BetFair Betting Exchange Exits US Market

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The US online betting industry is booming these days. The four biggest professional leagues are in action led by the new NFL season and NFL draft betting and Super Bowl betting. More and more states are adding legal sports betting to available gambling within their borders.

However, for one UK sports betting exchange its time to pull up stakes and exit the market. BetFair was one of the first international betting companies to create a presence in the US. This was followed by a favorable US Supreme Court ruling in May of 2018 for legal sports betting.

New Jersey led the fight for state rights in the matter. This was also the first state to expand the legal US market outside of Nevada.

BetFair was actually launched in 2016 as an online betting exchange for legal horse betting. It transitioned to online casino site when they were legalized in New Jersey. As a twist on traditional betting site, BetFair operated as an exchange. Bettors could negotiate their own betting odds without the use of an actual bookmaker.

This is known as peer-to-peer wagering. The exchange acts as an arbiter that takes a commission on the winnings. That figure was set at 12 percent in New Jersey. While this was a novel concept in a new betting market, it never really caught on. The company’s total handle in 2018 reached $12.4 million.

Growth in New Jersey stalled and BetFair never expanded outside the Garden State. The company was a pioneer of this betting model more than 20 years ago. While it enjoyed success in many jurisdictions, including its native UK, it could not duplicate that venture in the US.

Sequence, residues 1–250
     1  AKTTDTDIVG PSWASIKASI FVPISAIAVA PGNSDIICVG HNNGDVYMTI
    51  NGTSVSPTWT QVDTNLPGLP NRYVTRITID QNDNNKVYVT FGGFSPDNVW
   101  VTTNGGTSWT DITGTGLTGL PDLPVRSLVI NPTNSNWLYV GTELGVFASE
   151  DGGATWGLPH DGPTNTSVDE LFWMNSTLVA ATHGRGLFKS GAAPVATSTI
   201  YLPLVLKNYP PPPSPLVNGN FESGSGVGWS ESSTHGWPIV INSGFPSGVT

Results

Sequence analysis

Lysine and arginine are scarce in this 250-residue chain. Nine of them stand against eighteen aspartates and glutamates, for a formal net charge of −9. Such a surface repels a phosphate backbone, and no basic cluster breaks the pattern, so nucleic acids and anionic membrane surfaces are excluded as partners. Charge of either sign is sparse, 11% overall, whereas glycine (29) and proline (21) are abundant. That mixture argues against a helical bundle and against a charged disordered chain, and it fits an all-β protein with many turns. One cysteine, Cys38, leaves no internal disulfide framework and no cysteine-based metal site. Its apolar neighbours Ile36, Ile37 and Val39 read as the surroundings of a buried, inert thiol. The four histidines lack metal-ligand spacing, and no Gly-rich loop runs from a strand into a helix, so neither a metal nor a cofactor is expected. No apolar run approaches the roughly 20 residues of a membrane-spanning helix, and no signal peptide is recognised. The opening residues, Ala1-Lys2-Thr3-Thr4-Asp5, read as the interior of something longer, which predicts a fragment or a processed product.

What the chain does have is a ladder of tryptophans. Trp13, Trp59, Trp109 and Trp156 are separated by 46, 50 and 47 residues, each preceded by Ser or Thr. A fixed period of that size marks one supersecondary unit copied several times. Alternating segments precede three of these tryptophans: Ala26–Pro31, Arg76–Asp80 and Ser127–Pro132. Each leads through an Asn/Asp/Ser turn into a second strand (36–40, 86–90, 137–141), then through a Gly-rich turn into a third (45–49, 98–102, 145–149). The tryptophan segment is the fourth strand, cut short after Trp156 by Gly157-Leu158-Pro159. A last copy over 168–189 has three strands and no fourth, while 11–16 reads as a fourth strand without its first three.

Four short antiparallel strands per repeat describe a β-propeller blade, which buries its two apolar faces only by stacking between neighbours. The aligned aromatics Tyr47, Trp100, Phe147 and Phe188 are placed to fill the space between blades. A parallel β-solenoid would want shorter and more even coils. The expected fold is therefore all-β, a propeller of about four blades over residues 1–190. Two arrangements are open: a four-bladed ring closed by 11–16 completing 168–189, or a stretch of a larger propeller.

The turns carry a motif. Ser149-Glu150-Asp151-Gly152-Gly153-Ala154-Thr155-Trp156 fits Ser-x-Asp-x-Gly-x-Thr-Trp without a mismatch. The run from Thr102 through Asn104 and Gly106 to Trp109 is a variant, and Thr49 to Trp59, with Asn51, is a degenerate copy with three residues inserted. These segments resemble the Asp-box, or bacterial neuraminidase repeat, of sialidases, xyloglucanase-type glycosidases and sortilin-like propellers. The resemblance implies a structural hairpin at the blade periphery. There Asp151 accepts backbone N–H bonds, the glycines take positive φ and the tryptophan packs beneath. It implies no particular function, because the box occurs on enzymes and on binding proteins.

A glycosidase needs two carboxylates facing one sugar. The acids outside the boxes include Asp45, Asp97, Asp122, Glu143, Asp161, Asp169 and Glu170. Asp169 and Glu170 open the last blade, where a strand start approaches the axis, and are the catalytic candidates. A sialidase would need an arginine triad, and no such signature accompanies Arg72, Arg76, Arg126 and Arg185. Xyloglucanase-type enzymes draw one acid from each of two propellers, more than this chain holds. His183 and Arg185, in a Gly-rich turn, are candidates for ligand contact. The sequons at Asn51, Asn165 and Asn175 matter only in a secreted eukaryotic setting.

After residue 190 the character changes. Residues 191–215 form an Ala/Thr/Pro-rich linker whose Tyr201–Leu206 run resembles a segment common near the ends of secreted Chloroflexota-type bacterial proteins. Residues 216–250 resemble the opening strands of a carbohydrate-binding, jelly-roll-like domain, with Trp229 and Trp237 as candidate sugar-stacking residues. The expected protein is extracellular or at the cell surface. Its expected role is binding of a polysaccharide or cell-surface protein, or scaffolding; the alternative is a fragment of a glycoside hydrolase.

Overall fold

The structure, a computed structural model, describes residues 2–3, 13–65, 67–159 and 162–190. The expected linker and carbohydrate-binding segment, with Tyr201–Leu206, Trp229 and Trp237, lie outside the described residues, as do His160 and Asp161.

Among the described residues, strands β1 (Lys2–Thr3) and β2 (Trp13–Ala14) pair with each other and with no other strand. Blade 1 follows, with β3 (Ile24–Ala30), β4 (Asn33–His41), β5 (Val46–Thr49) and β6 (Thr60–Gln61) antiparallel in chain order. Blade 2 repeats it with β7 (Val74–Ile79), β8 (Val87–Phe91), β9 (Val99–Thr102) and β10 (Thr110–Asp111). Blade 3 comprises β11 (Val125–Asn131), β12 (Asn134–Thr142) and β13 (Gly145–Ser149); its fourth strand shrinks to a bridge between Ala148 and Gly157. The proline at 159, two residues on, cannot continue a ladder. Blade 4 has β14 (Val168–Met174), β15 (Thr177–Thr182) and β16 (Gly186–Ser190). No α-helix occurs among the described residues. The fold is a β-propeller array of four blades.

The highly popular sportsbook, FanDuel oversaw the US operations for BetFair. As COO, Kip Levin told the Thoroughbred Daily News that the betting platform “never hit the critical mass it needed to be viable.”

Demand for this type pf betting option never met expectations. BetFair’s actual origins in the US were rather promising at one time. Before merging with Paddy Power, it entered the US horse racing market through its acquisition of TVG horse racing channel.

BetFair had the ability to lobby state lawmakers to pass legislation geared towards the exchange concept. It did achieve some level of success in New Jersey but a specific set of rules pertaining just to exchanges never materialized.

In 2016, BetFair could only run its horse betting exchange at Monmouth Park in New Jersey and Woodbine Racetrack in Toronto. The exchange concept in other horse racing markets proved to be a harder sale than imagined.

For now, the exit of BetFair from the US market puts an end to this experiment. Maybe this bold endeavor in exchange betting will prove to be a concept that was ahead of its time.

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